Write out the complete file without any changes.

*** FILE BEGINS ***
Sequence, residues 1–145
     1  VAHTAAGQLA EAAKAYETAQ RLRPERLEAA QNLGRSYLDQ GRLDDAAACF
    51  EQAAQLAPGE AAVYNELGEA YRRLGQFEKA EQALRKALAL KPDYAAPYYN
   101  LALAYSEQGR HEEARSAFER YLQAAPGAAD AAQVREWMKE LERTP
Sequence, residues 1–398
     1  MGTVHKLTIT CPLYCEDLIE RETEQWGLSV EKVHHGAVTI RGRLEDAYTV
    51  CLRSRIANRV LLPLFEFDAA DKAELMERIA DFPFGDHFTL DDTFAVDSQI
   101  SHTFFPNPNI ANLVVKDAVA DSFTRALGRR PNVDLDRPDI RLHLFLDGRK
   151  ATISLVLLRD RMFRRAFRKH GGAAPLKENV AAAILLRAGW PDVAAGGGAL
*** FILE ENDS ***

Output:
Sequence, residues 1–145
     1  VAHTAAGQLA EAAKAYETAQ RLRPERLEAA QNLGRSYLDQ GRLDDAAACF
    51  EQAAQLAPGE AAVYNELGEA YRRLGQFEKA EQALRKALAL KPDYAAPYYN
   101  LALAYSEQGR HEEARSAFER YLQAAPGAAD AAQVREWMKE LERTP
Sequence, residues 1–398
     1  MGTVHKLTIT CPLYCEDLIE RETEQWGLSV EKVHHGAVTI RGRLEDAYTV
    51  CLRSRIANRV LLPLFEFDAA DKAELMERIA DFPFGDHFTL DDTFAVDSQI
   101  SHTFFPNPNI ANLVVKDAVA DSFTRALGRR PNVDLDRPDI RLHLFLDGRK
   151  ATISLVLLRD RMFRRAFRKH GGAAPLKENV AAAILLRAGW PDVAAGGGAL